'Twister,' 'Twisters' and the actual practice of storm chasing

A plucky meteorology heroine; a male rival with no shortage of hubris; and some very, very big storms: that's the basic formula behind the new disaster action movie Twisters, which follows storm chasers around Oklahoma amid a tornado outbreak.

It's a standalone sequel to the 1996 film Twister, a box-office hit in its day which also spurred a lot of real-life research into severe storms.

We've since learned a lot about how tornadoes behave, and the technology of storm chasing has improved dramatically.

But behind these summer blockbusters is a mystery that scientists are still trying to solve: why do tornadoes form at all?

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Angry Houston residents still want answers after Hurricane Beryl power failure

Devastating power outages and destruction in Houston left by Hurricane Beryl again underscored the city’s inability to sufficiently fortify itself against extreme weather events worsened by climate change. This was the lowest level hurricane, a Category One, and yet it knocked out power to millions and left the nation’s fourth largest city reeling. Past horrific hurricanes, including Ike in 2008 and Harvey in 2017, made crystal clear that the city needed to bolster its infrastructure including expanding flood-plain protections, burying more power lines underground, and hardening its power grid. But those city, state and corporate efforts have repeatedly fallen short.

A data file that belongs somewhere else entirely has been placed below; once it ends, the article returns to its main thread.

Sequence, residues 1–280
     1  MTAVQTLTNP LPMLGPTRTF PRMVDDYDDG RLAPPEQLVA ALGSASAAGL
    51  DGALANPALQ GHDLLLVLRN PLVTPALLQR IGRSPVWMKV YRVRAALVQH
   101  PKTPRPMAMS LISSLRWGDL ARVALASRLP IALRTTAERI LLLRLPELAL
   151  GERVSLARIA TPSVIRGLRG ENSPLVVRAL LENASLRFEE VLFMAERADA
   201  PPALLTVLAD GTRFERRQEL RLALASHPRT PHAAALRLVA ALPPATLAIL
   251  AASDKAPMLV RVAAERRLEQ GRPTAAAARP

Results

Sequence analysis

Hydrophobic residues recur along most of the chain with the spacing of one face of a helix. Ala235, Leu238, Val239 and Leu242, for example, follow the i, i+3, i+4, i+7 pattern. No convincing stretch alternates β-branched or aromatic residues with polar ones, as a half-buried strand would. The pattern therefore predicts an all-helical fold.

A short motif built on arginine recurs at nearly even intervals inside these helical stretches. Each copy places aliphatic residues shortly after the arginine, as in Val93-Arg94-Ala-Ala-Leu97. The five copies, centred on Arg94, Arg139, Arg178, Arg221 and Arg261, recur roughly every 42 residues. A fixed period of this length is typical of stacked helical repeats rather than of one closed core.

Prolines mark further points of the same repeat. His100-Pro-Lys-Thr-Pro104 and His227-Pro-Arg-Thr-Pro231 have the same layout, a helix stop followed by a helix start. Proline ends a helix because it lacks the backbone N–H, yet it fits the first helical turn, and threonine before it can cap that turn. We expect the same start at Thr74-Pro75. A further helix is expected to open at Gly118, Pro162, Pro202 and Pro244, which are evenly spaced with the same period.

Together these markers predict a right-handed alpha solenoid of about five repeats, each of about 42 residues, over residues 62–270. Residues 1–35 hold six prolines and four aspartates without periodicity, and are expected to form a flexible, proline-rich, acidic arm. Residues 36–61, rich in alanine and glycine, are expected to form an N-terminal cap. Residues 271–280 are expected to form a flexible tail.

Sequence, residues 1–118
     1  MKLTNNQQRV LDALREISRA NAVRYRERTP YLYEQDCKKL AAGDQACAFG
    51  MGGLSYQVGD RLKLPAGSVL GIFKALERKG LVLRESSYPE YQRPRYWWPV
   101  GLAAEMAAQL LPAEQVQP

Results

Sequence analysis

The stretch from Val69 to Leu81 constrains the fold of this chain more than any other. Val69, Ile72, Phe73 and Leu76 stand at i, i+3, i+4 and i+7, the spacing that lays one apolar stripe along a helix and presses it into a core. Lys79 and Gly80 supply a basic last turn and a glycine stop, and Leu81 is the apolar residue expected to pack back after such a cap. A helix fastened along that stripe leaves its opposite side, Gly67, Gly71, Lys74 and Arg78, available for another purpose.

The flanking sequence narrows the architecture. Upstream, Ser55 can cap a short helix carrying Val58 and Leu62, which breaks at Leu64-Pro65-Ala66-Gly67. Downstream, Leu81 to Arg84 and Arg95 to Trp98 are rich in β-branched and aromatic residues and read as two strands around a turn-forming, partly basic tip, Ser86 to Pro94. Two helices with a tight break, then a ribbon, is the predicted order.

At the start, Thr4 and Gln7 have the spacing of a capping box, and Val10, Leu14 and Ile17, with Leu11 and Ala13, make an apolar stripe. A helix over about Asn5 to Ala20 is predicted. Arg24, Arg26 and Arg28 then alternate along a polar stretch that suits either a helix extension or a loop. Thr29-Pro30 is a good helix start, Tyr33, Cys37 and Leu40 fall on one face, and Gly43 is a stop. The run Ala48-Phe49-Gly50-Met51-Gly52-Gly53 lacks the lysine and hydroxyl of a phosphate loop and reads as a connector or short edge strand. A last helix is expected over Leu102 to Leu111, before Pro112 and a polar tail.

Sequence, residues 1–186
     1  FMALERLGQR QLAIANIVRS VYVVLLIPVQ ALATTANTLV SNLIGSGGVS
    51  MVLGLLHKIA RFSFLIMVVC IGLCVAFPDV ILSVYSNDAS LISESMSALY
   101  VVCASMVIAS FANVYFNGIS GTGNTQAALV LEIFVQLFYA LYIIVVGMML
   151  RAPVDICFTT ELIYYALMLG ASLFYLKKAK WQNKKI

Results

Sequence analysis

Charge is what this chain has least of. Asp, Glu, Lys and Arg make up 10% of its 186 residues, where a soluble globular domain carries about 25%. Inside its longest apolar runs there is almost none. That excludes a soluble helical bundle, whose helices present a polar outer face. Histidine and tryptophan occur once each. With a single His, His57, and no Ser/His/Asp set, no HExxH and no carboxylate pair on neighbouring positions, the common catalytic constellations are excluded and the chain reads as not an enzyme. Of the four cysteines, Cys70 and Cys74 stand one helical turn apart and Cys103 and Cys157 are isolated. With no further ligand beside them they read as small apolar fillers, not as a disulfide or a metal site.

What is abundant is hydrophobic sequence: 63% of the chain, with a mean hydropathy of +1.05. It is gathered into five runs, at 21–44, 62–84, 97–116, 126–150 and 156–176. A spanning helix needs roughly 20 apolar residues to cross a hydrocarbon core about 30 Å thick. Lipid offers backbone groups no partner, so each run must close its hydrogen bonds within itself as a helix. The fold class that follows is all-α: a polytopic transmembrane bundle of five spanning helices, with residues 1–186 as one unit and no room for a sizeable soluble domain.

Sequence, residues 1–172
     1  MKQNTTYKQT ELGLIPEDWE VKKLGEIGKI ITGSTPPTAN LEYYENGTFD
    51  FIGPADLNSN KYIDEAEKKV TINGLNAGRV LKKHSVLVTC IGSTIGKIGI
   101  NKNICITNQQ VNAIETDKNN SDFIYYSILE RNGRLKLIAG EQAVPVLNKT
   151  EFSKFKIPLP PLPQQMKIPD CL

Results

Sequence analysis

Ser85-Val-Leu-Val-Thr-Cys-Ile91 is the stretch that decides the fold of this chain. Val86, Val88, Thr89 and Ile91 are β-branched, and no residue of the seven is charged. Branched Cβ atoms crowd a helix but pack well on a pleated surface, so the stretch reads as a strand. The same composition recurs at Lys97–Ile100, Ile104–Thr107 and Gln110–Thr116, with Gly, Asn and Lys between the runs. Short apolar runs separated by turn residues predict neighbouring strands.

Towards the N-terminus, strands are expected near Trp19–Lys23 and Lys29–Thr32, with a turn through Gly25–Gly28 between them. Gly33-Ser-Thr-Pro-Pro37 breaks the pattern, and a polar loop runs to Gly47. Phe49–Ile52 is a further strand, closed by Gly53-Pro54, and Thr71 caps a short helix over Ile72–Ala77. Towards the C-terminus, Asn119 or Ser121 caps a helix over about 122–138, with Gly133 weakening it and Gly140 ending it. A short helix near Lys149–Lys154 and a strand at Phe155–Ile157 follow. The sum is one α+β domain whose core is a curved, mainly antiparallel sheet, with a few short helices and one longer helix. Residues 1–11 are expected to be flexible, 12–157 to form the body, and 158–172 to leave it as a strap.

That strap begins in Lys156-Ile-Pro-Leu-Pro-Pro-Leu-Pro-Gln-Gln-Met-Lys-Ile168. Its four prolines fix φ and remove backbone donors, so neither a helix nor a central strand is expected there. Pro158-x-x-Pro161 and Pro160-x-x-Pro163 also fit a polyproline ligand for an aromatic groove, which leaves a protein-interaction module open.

India's plan to reroute rivers could have unintended consequences on rainfall

More than a hundred years ago, a British engineer proposed linking two rivers in India to better irrigate the area and cheaply move goods. The link never happened, but the idea survived. Today, due to extreme flooding in some parts of the country mirrored by debilitating drought in others, India's National Water Development Agency plans to dig thirty links between rivers across the country. It's the largest project of its kind and will take decades to complete. But scientists are worried what moving that much water could do to the land, the people — and even the weather. Host Emily Kwong talks to journalist Sushmita Pathak about her recent story on the project.

Read Sushmita's full story here.

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